location and quantity of water are essential to
primary production. Epiphytes attached to the roots
can add significantly to this production. Estuarine
mangrove systems are second only to the tropics in
primaryproductivity. Estimates of 8.8 dry
tons/hectare/year of organic material have been
recorded. Factors affecting productivity are
species composition, age, competition, substrate,
wave action, bird activity, hurricanes,
methods that produce estimates of primary
productivity are biomass, gas exchange, litter
compares above and below ground biomass estimates
in a Puerto Rican and a South Florida red mangrove
forest. It seems that if all root material is taken
into account, below ground biomass may exceed above
ground estimates. However, all biomass estimates
are probably highly variable from forest to forest.
Another method of estimating production is net
amount of carbon. In general, Red mangroves have
the greatest net production, Blacks intermediate,
and Whites the lowest figures of net primary
mangroves intercept 95% of the available light at
13 feet (4 m) below top of the canopy. Therefore,
it is not suprising that 90% of the leaf biomass
exists in this upper portion of the canopy.
Possible explanations are shading and environmental
stress (salt, anaerobic conditions, etc). Litter
fall of Florida mangrove forests estimates range
from 2-3 dry g/m2/day in well developed stands.
Leaves fall all year with a minor peak in early
summers. Additionally, sporadic litter fall exists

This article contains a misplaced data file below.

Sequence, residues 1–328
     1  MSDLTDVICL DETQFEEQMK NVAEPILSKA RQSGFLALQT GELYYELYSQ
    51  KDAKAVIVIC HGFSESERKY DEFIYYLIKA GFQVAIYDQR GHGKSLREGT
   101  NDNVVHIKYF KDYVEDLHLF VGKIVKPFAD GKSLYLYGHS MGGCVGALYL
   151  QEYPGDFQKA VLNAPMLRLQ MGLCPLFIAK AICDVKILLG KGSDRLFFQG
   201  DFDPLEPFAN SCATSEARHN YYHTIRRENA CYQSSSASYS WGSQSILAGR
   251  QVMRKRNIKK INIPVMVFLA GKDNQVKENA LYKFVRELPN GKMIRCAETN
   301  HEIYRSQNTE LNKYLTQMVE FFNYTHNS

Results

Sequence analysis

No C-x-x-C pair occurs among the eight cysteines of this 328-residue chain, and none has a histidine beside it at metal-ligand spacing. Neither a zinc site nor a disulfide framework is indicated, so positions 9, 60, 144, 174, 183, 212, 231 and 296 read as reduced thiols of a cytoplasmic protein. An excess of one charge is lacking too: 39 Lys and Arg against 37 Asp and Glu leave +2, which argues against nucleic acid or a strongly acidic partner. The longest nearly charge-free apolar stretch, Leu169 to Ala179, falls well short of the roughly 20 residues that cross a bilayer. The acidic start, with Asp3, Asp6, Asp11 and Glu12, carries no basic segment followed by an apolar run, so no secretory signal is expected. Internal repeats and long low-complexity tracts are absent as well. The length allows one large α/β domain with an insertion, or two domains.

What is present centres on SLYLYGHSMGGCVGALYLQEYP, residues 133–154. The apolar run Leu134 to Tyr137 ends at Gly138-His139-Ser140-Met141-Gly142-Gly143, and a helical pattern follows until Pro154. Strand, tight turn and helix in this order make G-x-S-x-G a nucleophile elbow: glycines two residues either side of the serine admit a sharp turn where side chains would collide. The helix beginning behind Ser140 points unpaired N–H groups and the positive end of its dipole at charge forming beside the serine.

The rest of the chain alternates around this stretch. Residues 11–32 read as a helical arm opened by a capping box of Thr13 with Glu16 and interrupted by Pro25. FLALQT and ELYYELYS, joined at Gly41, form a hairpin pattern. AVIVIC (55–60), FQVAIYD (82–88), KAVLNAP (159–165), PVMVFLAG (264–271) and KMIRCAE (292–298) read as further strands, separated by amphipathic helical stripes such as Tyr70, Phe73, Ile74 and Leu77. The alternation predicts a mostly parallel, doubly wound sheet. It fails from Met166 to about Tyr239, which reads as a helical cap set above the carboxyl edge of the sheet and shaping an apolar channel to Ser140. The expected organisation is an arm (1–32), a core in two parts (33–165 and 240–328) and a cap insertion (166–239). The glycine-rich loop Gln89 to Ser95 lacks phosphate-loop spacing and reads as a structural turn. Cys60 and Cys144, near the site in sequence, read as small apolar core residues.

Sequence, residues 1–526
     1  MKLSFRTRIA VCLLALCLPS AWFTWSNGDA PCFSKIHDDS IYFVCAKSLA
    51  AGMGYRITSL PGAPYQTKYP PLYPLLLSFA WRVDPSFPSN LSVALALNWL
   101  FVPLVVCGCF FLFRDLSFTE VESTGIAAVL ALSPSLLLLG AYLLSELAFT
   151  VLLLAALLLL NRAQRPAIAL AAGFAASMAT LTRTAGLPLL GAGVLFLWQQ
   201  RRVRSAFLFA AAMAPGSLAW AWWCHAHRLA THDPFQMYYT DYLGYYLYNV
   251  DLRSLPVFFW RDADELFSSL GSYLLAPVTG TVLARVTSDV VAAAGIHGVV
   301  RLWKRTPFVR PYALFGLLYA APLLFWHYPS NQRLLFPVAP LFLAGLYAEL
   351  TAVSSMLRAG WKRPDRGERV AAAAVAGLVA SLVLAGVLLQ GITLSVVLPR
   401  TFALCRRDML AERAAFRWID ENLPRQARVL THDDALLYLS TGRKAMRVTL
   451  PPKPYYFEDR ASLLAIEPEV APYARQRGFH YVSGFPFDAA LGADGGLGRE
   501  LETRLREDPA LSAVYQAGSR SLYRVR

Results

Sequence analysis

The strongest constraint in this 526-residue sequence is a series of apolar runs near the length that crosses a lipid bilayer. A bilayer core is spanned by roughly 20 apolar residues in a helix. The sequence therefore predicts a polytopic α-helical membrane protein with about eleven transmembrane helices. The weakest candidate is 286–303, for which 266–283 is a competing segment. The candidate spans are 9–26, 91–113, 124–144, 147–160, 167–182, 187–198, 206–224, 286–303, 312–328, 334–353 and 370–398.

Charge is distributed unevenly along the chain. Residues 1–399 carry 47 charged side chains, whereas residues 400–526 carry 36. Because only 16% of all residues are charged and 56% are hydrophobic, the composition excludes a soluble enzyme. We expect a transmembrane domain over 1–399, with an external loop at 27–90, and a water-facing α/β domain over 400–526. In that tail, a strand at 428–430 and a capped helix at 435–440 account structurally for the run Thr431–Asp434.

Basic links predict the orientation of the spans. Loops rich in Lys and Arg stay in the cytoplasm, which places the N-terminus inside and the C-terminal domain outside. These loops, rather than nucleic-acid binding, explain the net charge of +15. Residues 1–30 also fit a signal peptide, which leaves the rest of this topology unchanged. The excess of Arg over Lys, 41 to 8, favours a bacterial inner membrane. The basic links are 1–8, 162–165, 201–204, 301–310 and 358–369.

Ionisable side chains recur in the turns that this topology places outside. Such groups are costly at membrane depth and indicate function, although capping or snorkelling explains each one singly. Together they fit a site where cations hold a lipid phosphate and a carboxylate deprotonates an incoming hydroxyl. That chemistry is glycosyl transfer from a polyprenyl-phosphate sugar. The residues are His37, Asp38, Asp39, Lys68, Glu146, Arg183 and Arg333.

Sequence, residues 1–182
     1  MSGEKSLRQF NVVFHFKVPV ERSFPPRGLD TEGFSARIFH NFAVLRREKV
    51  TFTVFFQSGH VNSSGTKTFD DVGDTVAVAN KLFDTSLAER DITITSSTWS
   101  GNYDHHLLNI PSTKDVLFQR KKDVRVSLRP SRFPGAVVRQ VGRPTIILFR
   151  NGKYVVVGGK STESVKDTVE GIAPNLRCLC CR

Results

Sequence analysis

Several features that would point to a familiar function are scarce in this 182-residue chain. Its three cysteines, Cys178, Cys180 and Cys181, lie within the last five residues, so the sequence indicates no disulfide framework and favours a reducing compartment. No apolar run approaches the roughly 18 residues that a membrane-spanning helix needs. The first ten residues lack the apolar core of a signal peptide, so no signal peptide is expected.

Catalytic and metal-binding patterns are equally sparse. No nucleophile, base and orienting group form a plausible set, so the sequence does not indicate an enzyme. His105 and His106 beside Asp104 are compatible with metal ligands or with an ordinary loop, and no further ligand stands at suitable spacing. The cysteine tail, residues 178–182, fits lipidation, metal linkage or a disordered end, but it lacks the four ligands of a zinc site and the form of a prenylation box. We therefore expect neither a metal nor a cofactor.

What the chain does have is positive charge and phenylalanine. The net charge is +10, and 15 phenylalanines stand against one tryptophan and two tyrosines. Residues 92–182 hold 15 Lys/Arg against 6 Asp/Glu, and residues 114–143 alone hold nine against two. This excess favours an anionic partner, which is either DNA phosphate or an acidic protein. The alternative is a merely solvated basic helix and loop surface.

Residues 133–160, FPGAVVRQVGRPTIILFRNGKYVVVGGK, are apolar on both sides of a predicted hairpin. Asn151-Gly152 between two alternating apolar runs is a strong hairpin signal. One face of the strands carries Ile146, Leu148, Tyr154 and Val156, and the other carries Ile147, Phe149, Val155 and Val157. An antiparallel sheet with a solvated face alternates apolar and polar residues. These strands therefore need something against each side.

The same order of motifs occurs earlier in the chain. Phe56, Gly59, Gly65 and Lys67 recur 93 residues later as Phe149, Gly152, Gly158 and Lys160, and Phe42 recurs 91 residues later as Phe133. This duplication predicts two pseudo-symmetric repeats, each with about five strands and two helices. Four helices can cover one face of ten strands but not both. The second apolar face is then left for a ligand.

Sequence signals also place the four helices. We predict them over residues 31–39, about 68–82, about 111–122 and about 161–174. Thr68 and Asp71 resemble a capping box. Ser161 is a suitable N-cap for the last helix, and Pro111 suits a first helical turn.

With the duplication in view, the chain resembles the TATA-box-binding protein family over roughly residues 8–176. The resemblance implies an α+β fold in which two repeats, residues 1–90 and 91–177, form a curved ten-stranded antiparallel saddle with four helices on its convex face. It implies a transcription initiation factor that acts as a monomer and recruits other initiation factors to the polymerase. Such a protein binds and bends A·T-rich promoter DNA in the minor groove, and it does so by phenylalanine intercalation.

animals graze directly on mangroves. The
(Littorina angulifera) and the
(Melampus coffeus) are known to eat Black mangrove
propagules. Primary consumers are the decomposers.
Bacteria and protozoans colonize plant
and begin breaking
chemically into organic compounds, minerals, CO2,
and nitrogenous wastes. Amphipods
and other small grazers speed up the process by
reducing the litter mechanically to detritus. This
increase in surface area aids microbial
colonization which speeds up decomposition. Due to
the increased activitiy of shredding organisms
(crabs, amphipods, etc.), decomposition of Red
mangrove leaves is faster in marine waters than
freshwater or dry conditions. Faster decomposition
is also apparent with an increase in tidal
enriched nutritionally by its microbial population
is utilized as a food source by a variety of
organisms. The role of mangrove detritus and its
importance to nearby reef systems is problematic.
Surface waters associated with mangrove habitats
are often characterized by a wide range of salinity
(0-->40ppt), low macronutrient concentrations
(especially Phosphorus), a relative low dissolved
02 concentration, frequently increased color and
turbidity.These conditions are most pronounced in
the Everglades with decreased pronounced effects in
is a hypothesis that mangroves may pulse the
detritus food webs in nearby coastal waters.
However, there is not enough data to prove this
theory. Due to an increased epibiontic population
there is a tendency for mangrove ecosystems to act
as consumers of 02 and a sink for nutrients such as
nitrogen and phosphorus.
biomass is not totally reduced through
decomposition. Litter that persists in absence of
physical forces flushing the habitat may form peat.
Red mangrove root material produces the most easily
recognized peat reaching depths of several meters.
The acidic nature of peat is capable of dissolving
limestone underneath. Acidity is due to the release
of organic acids during anaerobic decomposition.
Reduced sulfur compounds are oxidized when drained
and dried in the sun. These conditions are
responsible for the characteristic smell of
exists a classic mangrove
with red mangroves dominating from their maximum
depth of water for growing 1.5 feet (.4 m) into the
intertidal zone. Black mangroves take over the
intertidal zone and predominate area covered by
high tides. White mangroves appear in this area,
but predominate along with Buttonwoods above the
high tide line. However, there is much variation of
this model from forest to forest. Recent general
conclusions suggest that all species can grow
together on a new site.